Kiri warms towards tougher party funding restrictions (perhaps encouraged by the Nats warning of the “chilling effect”)

Buzz from the Beehive

The National Party’s strong objection to plans to overhaul New Zealand’s political donations regime, expressed in submissions on the Government’s proposed sweeping changes to electoral law, were reported in a Stuff report last week.

The changes would include lowering the threshold for political parties to disclose donors from $15,000 to $1500 and require political parties to make public their annual financial statements .

This would have a “chilling effect” on democracy, the Nats contended.

The Ardern government isn’t too fussed about protecting the country’s democratic electoral arrangements nowadays, of course, as has become glaringly obvious over the past year or so (see here, here and here for evidence)

And hey – if the Nats (a) are bleating about an electoral-reform proposal being disagreeable and (b) are warning about its chilling effect on democracy…

Well, let’s get on with it.

And sure enough, Justice Minister Kiri Allan today announced changes to our electoral laws that will require the disclosure of:

  • donor identities for any party donations over $5,000;
  • the number and total value of party donations under $1,500 not made anonymously;
  • the proportion of total party donations that are in-kind (non-monetary) donations; and
  • loans to candidates from unregistered lenders. 

Allan said the changes aim to support participation in parliamentary elections, and improve public trust and confidence in New Zealand’s electoral system.

The word “democracy was absent from the press statement.

But:

“The results from public and targeted consultation were clear: New Zealanders want greater transparency about how our political parties and candidates are funded,” Kiri Allan said.

 “Appropriately regulated political donations and loans underpin public trust in the integrity of our electoral system, and the key institutions of a democratic government.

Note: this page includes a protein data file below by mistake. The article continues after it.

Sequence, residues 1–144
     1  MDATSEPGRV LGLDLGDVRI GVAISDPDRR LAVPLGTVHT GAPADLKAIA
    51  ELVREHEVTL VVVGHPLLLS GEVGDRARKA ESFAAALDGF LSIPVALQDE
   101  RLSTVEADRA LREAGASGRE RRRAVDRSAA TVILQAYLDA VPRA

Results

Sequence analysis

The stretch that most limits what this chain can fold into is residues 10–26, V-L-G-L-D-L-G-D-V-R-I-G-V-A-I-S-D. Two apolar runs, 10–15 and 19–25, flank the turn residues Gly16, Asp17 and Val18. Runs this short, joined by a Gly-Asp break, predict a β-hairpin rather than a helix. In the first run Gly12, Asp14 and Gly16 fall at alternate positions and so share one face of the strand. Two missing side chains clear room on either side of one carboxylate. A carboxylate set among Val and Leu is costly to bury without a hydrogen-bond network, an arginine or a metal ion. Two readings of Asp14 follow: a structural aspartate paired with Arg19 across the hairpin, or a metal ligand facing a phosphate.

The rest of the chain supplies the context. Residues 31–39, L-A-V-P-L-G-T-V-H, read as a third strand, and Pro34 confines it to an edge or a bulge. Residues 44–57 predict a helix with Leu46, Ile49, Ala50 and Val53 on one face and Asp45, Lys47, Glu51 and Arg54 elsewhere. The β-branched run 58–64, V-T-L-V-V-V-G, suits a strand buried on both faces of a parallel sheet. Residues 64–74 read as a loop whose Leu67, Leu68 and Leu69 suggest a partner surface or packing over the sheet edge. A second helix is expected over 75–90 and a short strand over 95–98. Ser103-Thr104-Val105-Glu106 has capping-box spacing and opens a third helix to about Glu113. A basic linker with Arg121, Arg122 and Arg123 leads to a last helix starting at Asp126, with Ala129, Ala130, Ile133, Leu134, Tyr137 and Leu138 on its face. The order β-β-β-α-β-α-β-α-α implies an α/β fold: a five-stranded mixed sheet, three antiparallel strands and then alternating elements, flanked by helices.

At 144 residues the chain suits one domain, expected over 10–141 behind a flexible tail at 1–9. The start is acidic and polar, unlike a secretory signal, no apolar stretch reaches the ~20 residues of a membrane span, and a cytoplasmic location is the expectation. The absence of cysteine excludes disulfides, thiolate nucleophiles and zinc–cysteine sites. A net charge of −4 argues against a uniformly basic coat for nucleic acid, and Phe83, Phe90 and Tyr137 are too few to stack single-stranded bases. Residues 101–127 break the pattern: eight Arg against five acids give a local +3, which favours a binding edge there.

“Importantly, better transparency of party and candidate financing helps support public trust and confidence in our electoral system. These changes will provide the public with more of the information they want.”

Bearing in mind that transparency is a key objective, it is instructive to learn from the aforementioned Stuff report that

The Justice Ministry sought feedback on political fundraising ahead of a review by an independent panel of experts and academics. The National Party has released its submission on the changes. The Labour Party “politely declined” to do so.

An Electoral Amendment Bill will progress the changes shortly, in time for the 2023 General Election.

ACT leader David Seymour has promptly  responded to the announcement by saying the proposed changes “don’t solve any public policy problem and will prevent people from engaging in politics.”

So who’s right?  Allan says it will encourage people from engaging in politics.  Seymour says it will discourage them.

Let’s see what is argued in submissions to the select committee (assuming the Bill is referred to a committee for further scrutiny, which is something we should not take for granted).

More significantly, Seymour argued:

“The law is working – that’s why people are being prosecuted. We aren’t talking about changing the laws around murder because people have been charged with it.

“Everyone supports openness and transparency, but these changes have nothing to do with that and Labour can’t explain why they’re needed.

“There is no evidence that $15,000 donations are distorting politics in any way. If anyone seriously thinks that a political party would abandon its integrity and principles for $15,000, then they don’t understand the cost of modern campaigning.”

There were people in New Zealand who already feared persecution, missing out on Government contracts, missing out on board appointments and being ostracised by giving money to a political party Seymour said.

“It is outrageous that Labour are pushing these through just before an election. changes to electoral law should be widely consulted on with a view to implementing them in later electoral cycles, not the one they’re currently contesting.

“The fact Labour is trying to do this using an absolutely majority is constitutionally dangerous and damaging to New Zealand.”

The Greens are taking credit for the measures announced by Allan.

They reckon she hasn’t been tough enough but they did bring “democracy” into considerations in a press statement headed Democracy reforms are a Green win but we still need to cap donations.

A strong Green voice in Parliament has helped reduce the influence large secret money will have in future elections and finally ensured overseas New Zealanders will retain the right to vote even while stranded by the Pandemic.

 But…

“Labour needs to go further if Aotearoa is to have a truly level playing field where every New Zealander has an equal say in our democracy,” says Green spokesperson for electoral reform, Golriz Ghahraman.

We wonder how she will vote next time she gets a chance on the bill that will enable one group of Canterbury people to APPOINT two councillors to the Canterbury Regional Council, sparing them the need to campaign for votes – and be held accountable to voters – as every other aspiring candidate must do.

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